The COVID-19 pandemic forced business leaders to anticipate volatile global conditions to manage their supply chains. The trend of supply chain leaders serving as fortunetellers sees no signs of slowing with the geopolitical crisis unfolding between Russia and Ukraine bringing another round of supply chain disruptions—with ramifications especially for industrial and consumer brand owners.
No doubt exists about the emergence of new challenges. Business leaders are presented with energy disruptions driving surging fuel costs, material shortages that have already driven commodities cost up across the board, and uncertainty that impacts unforeseen, disparate areas.
However, as made clear by COVID-19, business doesn’t stop when faced with challenges—leaders adapt to changing conditions. It will be no different during this crisis. Without a crystal ball, the actual consequences may elude us, but here are the four considerations that should be top-of-mind for supply chain leaders.
Any interstate conflict will come with interruptions to existing systems, and the Russia-Ukraine war provides no exception. In this instance, interruptions to transportation lanes, decreases in international cooperation, and increases in shipping costs are at the forefront of concerns.
Long-standing supply chain approaches are being further weakened. Impacts materialize in the devaluing of offshoring, outsourcing, and just-in-time production tenets as their fundamental assumptions (e.g., reliable global supply networks) diminish. To mitigate possible impacts, focus on the identification of alternative manufacturing sources and transportation lanes.
While the global economy is in the middle of a global chip shortage that has touched nearly every industry, the prognosis grows worse as the conflict in Eastern Europe persists—both Russian and Ukraine are rich in the resources needed to manufacture everyday goods. Businesses utilizing semiconductors, combustion engines, nitrogen fertilizers, and wheat stand to face the most severe repercussions.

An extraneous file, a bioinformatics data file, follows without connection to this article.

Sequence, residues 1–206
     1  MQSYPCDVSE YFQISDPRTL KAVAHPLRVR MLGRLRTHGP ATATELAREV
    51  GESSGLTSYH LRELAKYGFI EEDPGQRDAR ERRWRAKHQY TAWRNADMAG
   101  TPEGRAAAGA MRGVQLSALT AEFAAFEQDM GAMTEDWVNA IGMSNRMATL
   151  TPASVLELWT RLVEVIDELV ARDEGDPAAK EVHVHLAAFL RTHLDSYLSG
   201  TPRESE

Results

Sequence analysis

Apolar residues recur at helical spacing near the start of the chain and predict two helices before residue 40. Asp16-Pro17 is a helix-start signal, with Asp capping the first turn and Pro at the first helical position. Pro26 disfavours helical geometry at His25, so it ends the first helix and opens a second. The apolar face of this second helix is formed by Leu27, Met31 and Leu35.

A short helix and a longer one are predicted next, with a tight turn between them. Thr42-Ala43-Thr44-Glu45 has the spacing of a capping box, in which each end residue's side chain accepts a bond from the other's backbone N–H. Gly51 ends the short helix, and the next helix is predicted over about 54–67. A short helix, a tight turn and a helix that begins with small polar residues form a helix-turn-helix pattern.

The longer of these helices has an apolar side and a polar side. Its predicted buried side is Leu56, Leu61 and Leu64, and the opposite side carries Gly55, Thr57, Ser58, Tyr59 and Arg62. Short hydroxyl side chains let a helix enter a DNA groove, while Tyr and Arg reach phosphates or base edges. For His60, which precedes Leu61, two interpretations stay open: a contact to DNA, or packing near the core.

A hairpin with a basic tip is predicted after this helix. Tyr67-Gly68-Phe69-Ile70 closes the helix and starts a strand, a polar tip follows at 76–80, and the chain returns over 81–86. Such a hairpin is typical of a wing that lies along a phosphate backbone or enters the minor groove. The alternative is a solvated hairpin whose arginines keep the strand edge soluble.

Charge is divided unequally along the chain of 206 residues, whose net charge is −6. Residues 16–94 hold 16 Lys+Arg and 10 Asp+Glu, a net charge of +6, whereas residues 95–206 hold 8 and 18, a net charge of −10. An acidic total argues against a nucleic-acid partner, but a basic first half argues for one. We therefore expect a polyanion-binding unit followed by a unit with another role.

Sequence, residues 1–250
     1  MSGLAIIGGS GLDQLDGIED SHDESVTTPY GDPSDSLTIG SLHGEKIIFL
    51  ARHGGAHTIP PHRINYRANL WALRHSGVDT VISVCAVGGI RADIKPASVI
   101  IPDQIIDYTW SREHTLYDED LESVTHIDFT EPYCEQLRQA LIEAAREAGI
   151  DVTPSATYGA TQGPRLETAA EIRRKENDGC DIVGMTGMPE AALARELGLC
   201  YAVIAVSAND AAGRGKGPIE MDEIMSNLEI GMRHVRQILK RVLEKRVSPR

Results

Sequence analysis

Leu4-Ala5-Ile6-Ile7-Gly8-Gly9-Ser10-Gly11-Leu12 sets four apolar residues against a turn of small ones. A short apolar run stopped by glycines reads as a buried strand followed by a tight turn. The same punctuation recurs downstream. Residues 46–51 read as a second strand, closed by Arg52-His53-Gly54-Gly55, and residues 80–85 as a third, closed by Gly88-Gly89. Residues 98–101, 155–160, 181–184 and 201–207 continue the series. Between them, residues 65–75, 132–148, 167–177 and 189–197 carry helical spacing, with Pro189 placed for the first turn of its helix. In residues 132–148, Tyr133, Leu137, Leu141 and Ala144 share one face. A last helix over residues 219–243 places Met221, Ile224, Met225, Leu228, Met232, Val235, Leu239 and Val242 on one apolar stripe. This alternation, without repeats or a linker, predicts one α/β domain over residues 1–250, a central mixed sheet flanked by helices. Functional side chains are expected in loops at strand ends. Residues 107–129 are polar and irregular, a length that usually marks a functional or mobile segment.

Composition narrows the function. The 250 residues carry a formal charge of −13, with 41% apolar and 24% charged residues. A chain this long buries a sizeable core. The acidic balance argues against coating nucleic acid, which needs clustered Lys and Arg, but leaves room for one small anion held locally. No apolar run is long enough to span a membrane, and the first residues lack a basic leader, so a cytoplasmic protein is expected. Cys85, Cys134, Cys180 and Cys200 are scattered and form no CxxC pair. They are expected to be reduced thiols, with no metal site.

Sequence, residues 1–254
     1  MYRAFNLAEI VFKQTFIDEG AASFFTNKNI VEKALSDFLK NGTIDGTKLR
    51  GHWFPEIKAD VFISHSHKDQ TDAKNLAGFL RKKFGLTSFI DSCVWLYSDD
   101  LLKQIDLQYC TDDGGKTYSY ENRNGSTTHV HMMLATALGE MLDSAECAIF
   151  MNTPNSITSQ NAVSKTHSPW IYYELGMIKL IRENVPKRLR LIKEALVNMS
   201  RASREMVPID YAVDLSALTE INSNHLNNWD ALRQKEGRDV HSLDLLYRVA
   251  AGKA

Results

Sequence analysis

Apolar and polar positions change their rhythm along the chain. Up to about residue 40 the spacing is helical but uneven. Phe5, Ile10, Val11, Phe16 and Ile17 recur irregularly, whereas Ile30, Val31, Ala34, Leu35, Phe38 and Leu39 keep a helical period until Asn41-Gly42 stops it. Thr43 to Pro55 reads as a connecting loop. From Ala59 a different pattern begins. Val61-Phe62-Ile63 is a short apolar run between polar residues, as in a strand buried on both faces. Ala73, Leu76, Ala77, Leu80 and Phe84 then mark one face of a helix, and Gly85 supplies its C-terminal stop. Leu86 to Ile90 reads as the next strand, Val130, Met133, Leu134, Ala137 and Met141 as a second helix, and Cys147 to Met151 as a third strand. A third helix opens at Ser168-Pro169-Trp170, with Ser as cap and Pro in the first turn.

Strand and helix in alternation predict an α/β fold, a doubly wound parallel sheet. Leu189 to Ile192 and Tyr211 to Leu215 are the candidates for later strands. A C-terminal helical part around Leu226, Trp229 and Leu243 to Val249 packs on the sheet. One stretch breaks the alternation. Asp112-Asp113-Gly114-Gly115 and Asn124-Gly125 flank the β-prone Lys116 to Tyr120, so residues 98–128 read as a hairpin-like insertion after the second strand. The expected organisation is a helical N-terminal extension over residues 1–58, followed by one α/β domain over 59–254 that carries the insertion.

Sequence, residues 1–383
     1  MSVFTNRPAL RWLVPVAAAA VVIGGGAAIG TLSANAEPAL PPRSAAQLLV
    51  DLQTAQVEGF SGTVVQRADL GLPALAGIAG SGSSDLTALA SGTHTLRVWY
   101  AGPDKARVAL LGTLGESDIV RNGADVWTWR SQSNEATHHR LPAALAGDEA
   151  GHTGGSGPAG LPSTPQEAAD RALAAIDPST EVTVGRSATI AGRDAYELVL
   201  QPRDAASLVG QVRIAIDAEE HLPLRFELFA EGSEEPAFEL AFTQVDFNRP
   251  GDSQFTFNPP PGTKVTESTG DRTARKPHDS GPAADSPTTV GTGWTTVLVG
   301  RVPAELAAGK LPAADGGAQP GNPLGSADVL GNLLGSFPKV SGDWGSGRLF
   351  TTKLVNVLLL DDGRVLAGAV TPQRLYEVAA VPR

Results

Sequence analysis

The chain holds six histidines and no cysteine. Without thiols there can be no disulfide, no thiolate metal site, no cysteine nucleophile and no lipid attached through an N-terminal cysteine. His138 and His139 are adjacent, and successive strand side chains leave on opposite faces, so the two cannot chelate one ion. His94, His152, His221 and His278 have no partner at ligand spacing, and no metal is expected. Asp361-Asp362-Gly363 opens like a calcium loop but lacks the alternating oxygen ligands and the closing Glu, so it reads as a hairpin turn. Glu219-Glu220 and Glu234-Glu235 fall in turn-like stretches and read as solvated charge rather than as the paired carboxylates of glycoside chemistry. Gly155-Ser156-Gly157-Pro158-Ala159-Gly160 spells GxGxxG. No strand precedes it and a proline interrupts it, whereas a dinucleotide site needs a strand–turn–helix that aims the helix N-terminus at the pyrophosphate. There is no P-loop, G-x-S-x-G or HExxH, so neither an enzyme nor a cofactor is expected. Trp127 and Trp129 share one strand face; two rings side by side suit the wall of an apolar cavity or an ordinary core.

As material shortages compound, manufacturers now have to evaluate the cost-benefit analysis of keeping up with rising costs and lowering supply against the possibility of removing barriers to increased production—as seen already in the auto industry.
From the onset of the conflict, energy and its increasing costs have been a central point of concern—Russia’s standing as a leading energy exporter has come into question due to sanctions and project delays, combined with the possibility of natural gas being used as a political weapon.
A worldwide reassessment of energy-sourcing policies by countries will occur as the fragility of energy dependence has become highlighted. From this, a natural conclusion is a hastened transition to renewable energy among EU members.
With economies worldwide experiencing inflation, fundamental changes to worldwide financial systems, and decreasing consumer confidence, a deep sense of foreboding is inescapable. Further exacerbating these issues is an impending migrant crisis—with potentially as many as 5 million people being displaced.
The cost of capital will rise, the velocity of money will slow, and markets will react with instability. As seen in Europe during the Syrian migrant crisis, political instability abounds in times of mass migration.
Many unknowns still exist. The good news is that global brand owners have taken risk mitigation steps over the past 24 months that will positively impact their ability to weather additional uncertainty. But conditions are ever-changing, making responsiveness and agility key. Here are our recommendations:
Brand owners should specifically be investing in collaboration and planning technologies that harness algorithmically driven forecasts. The reason? To better position suppliers and plants to produce a more accurate view of what’s needed, when, and where to meet customer demand. A disparate application ecosystem and Microsoft Excel aren’t adequate planning tools—especially during times of uncertainty.
On the supply chain execution front, brand owners will need to continuously monitor supplier capacity and inbound logistics visibility milestones to manage—not necessarily meet—customer expectations. In terms of supplier durability, seek alternative sources of supply wherever possible and continue providing updated demand signals to suppliers with six to 12 months of forecast shipments. Being able to index raw material price movements to finished goods pricing is also critical to maintaining profitability.
Complete an examination of logistics functions and a thorough network analysis to ensure resilience. Examine the capabilities of your transportation network for flexibility to ensure viability as conditions change—and identify the flow of materials throughout your cash cycle to pinpoint vulnerabilities.